Some chemicals are so linked to our life or to our civilization that we no longer refer to them as… chemical substances. This is the case for today’s topic. The substance is an alcohol, ethanol. It’s part of a large family, which includes members such as methanol (which is poisonous) or ethylene glycol used as antifreeze. Ethanol is the only family member that has been produced for human consumption since the dawn of civilization – that is why it is known simply as… alcohol.
The chemistry of alcohol in our body – which is the same as saying “the effects of alcohol on our body” – is very well known. However, there are still many myths linked with alcohol, for example, the myth that alcohol warms you up. In fact, alcohol is a peripheral vasodilator, that is, it increases blood flow to the periphery of the body: hands, feet, face, and skin in general. When exposed to cold, the body protects itself by diverting blood away from these peripheral areas, thus keeping it warm inside the body, close to vital organs like the heart. Alcohol contradicts this security measure of our bodies, bringing warm blood to our extremities – which results in a warm feeling, but can also result in death from hypothermia!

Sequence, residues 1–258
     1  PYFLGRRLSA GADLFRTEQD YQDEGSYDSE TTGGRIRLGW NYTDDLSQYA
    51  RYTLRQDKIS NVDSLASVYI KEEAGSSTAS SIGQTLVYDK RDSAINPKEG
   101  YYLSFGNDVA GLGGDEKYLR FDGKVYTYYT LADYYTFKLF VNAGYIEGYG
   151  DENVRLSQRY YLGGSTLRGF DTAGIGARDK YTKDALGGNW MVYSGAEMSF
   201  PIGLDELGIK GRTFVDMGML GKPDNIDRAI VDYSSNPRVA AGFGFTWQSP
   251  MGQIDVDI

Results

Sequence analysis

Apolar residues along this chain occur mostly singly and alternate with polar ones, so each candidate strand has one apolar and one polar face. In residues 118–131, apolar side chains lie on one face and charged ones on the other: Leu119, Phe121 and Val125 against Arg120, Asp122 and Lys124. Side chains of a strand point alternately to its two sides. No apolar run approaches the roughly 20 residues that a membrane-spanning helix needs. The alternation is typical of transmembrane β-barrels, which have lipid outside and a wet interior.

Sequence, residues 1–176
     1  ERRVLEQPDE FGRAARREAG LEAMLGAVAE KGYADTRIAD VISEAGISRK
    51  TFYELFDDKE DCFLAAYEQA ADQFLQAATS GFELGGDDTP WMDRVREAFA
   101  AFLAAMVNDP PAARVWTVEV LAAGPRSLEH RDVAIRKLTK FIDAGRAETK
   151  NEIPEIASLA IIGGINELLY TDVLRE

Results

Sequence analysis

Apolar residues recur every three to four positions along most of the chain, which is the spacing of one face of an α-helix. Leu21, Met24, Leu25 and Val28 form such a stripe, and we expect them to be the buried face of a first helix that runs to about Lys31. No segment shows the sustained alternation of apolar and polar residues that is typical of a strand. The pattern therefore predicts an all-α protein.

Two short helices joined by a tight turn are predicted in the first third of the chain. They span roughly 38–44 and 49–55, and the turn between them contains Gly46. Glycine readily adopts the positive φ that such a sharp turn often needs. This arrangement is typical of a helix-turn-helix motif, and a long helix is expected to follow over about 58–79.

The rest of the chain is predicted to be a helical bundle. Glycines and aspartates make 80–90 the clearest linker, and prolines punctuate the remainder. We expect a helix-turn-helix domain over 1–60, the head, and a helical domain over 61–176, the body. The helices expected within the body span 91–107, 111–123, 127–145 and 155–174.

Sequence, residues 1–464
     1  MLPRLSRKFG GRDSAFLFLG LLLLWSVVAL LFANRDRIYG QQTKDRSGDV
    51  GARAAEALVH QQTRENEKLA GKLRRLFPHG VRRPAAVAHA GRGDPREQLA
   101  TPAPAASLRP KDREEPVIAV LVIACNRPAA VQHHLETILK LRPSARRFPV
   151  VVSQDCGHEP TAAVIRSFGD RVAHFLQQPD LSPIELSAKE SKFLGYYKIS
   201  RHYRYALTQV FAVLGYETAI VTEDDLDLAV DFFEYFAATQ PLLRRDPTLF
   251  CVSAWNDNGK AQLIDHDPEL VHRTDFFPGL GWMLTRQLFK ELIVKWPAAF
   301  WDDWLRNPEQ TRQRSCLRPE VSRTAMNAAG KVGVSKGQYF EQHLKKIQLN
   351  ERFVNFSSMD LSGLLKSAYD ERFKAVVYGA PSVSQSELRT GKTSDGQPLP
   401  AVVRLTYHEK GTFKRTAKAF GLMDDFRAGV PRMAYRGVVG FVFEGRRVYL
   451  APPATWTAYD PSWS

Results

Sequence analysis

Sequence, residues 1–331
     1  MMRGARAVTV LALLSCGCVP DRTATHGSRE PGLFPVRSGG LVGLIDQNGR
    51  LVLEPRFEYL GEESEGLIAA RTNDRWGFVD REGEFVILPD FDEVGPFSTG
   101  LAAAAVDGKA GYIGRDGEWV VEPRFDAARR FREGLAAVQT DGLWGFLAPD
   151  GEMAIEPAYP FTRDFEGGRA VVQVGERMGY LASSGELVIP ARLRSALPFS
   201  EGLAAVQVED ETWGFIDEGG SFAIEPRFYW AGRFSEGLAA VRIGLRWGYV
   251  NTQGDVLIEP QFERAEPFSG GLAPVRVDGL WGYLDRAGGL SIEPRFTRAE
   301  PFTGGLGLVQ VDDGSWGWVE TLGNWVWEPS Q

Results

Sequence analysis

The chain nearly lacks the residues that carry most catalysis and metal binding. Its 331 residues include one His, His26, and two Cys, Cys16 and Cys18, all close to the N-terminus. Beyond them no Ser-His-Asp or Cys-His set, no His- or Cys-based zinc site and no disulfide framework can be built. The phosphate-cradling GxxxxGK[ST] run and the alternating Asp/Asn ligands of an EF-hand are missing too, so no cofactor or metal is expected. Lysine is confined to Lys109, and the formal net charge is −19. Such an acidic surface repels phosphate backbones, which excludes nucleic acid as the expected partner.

But alcohol is a good example of the phrase “you can have too much of a good thing”. Moderate consumption of alcohol is not considered harmful. There are even studies that suggest alcohol consumed in small amounts has positive effects on the cardiovascular system. On the other hand, excessive ingestion is clearly associated with problems that include, among others, hypertension, premature dementia, liver failure and problems with sexual performance. The choice is yours…
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